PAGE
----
Let us review the recent record on federal spending stimulus and its relationship to GDP growth, about which data are freely available from the Bureau of Economic Analysis. In February 2008, $165 billion—for the most part, dollar transfers to the states and increased federal outlays—was spent as economic “stimulus.” In 2009, the infamous $862 billion Obama stimulus package was enacted, comprising spending increases of $574 billion and various tax reductions of $288 billion. Over the last few months, with the looming elections and monstrous polling numbers concentrating the minds of White House and Congressional leaders, proposals for $100-200 billion in additional “stimulus” spending have been prominent.
And so the increase in the national debt has been gargantuan; but has there been any resulting “stimulus,” that is, enhanced economic growth? The following charts show the respective contributions of private investment, personal consumption, net exports, and government spending to GDP growth for the last three years.
Investment changes explain most of the recession and recent recovery. Changes in personal consumption have an effect that is important but smaller, while changes in net exports seem to explain only some of the smaller GDP changes in 2008. What is of greater interest is the contribution of government outlays: They have had virtually no effect at all (with a simple “correlation” with GDP growth of only about 5 percent).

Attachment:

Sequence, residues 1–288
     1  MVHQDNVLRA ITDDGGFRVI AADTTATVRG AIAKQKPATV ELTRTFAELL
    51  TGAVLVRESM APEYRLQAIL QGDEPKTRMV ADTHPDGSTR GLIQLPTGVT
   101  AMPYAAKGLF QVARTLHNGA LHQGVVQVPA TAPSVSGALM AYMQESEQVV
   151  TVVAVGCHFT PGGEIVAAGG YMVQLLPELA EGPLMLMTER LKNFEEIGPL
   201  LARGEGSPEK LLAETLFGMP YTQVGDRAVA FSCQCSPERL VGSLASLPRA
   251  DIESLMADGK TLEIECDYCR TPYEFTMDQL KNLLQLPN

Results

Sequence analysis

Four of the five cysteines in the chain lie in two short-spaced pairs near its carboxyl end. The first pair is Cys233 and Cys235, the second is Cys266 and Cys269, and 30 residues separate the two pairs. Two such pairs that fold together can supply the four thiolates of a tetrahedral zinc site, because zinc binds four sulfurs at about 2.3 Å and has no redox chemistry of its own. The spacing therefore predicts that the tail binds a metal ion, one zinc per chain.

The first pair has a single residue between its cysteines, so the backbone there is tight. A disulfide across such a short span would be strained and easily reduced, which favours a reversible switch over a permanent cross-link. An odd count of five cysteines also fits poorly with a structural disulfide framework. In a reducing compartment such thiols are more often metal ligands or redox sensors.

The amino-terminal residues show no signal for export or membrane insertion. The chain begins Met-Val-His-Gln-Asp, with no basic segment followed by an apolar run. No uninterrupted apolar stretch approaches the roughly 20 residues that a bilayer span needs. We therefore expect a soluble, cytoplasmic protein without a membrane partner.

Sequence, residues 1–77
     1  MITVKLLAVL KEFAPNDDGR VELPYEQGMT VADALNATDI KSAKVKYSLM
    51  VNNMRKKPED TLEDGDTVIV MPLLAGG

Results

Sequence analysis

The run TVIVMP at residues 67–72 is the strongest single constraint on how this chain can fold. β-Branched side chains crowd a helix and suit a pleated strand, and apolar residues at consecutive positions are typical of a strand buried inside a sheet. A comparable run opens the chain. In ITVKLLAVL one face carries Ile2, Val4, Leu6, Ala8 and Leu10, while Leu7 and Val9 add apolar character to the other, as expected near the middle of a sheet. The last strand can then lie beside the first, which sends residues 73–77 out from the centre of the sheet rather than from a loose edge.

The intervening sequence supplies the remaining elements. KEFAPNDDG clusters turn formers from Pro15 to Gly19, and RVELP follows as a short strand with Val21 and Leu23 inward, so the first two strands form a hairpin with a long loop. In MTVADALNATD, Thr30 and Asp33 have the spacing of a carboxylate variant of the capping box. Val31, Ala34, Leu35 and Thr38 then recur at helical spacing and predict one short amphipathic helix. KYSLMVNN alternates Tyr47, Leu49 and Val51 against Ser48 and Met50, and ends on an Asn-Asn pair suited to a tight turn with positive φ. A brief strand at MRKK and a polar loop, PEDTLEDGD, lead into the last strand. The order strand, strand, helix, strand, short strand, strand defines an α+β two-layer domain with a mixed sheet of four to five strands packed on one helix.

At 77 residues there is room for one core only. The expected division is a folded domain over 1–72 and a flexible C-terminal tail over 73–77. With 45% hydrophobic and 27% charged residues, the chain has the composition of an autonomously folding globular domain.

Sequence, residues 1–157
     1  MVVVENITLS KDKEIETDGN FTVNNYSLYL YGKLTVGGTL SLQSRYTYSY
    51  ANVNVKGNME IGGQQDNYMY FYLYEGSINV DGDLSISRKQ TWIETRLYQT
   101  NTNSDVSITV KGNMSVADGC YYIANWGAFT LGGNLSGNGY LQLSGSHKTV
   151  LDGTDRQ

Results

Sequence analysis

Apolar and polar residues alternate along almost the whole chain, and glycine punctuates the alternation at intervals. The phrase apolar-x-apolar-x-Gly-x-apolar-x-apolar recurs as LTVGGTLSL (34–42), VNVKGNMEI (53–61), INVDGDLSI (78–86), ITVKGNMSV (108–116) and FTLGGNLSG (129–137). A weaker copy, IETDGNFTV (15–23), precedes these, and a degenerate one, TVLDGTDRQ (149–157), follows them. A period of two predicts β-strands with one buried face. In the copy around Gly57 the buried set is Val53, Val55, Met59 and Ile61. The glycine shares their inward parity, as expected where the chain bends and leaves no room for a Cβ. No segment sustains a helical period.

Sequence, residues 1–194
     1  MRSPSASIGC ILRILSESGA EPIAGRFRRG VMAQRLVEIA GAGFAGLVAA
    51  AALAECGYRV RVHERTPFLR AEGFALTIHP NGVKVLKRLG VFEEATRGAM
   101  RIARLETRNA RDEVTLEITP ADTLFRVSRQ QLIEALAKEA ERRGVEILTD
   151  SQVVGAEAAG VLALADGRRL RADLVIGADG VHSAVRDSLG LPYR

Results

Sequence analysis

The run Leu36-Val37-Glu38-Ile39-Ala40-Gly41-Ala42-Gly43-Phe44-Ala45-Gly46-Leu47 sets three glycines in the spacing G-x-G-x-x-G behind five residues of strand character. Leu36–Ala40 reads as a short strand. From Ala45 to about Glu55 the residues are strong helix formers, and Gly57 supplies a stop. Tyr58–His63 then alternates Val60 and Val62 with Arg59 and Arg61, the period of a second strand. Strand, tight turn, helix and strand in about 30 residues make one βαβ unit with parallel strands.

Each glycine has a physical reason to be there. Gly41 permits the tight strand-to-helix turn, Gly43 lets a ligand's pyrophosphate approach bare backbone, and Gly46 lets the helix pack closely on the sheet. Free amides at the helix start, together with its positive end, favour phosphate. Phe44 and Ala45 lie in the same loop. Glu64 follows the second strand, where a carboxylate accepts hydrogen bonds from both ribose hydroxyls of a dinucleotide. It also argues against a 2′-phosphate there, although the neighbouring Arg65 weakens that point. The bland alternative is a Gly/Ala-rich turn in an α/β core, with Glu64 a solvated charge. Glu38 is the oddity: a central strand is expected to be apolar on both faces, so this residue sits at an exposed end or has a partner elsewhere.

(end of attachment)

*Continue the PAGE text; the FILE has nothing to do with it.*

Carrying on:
Can this possibly surprise anyone? For all the White House happy talk about multipliers and other such manifestations of poor economic analysis, resources used by government must come from somewhere, and unless that somewhere is a mattress, the effect of “stimulus” is to shift economic activity rather than to increase it. But the shift, of course, is toward activities approved politically; the real goal of “stimulus” is to stimulate government and its constituencies rather than the economy writ large.
This weak GDP effect of federal spending is consistent with the modern peer-reviewed literature; not only are the White House economists familiar with it, some of them have contributed to it. At best, therefore, President Obama and his political advisers have engaged in self-deception; at worst, they have displayed rank cynicism in vastly expanding federal spending and debt merely to subsidize the public employee unions and other allies. Which is it? It is becoming clear that in substantial part the November election will be a referendum on that question, and that the answer will not be one from which the White House will be able to claim vindication.
Benjamin Zycher is a senior fellow at the Pacific Research Institute. He may be reached at firstname.lastname@example.org.